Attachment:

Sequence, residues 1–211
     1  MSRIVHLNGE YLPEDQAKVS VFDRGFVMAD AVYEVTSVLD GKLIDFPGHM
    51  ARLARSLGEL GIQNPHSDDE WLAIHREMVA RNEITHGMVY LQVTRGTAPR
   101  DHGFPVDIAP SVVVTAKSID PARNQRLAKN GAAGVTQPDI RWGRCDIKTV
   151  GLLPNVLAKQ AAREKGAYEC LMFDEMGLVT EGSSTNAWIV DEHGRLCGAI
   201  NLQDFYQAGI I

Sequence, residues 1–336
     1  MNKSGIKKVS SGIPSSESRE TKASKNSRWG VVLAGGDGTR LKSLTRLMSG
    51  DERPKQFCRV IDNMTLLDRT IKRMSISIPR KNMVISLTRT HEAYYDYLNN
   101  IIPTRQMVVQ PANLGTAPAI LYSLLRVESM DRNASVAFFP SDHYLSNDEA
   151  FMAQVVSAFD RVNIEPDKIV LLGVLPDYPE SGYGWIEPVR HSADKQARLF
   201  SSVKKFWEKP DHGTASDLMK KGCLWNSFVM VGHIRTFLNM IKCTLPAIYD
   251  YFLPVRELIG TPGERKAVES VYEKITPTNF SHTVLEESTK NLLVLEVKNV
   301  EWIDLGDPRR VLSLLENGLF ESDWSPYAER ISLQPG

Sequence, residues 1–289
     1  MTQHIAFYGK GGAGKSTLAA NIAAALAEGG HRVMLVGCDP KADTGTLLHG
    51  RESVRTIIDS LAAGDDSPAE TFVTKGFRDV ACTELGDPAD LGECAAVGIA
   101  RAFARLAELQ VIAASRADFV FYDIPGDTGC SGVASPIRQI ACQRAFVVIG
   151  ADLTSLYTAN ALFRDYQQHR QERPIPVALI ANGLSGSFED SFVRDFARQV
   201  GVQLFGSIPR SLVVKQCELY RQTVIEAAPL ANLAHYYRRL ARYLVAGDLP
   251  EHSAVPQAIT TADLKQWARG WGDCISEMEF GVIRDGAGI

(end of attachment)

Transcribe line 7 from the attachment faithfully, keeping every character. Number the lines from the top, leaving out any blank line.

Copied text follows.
Sequence, residues 1–336